Spiegel said that beef products with traces of horse found in goulash sold by low-cost retailer Aldi were produced by German firm Dreistern Konserven, which in turn bought its meat via a dealer from Mipol, a Polish-based firm.
Dreistern Konserven acknowledged in a statement on its website that traces of horse DNA had been discovered in its products but insisted it was merely a processing firm.
“Dreistern is not involved in slaughtering nor the chopping up of meat. It buys meat already chopped up, either fresh or frozen, only from certified meat deliverers,” the statement said.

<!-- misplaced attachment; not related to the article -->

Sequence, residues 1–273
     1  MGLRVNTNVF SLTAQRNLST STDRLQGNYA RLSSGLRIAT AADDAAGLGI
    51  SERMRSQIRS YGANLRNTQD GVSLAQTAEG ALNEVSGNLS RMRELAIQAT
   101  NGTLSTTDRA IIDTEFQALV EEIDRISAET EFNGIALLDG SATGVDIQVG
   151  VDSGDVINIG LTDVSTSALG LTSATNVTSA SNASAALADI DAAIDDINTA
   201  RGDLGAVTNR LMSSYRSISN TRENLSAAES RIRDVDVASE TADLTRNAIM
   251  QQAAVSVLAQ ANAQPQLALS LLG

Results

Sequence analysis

Nearly 50,000 jars of this goulash were delivered to Aldi, said Spiegel, citing information from the European Union’s Rapid Alert System for Food and Feed (RASFF).
Spiegel also said another unnamed supplier in northern Poland had delivered some 20 tonnes of meat worth 60,000 euros ($80,000) to German firm Vossko via a Danish dealer.
Vossko supplies Liechtenstein-based firm Hilcona, which in turn supplies German firm Gusto, which manufactured beef tortelloni that was withdrawn from Austrian and German branches of budget food firm Lidl after horsemeat was discovered.
EU authorities are scrambling to reassure consumers after falsely-labelled meat has come to light in several European countries via a sprawling chain of production spanning a maze of abattoirs and suppliers across the continent.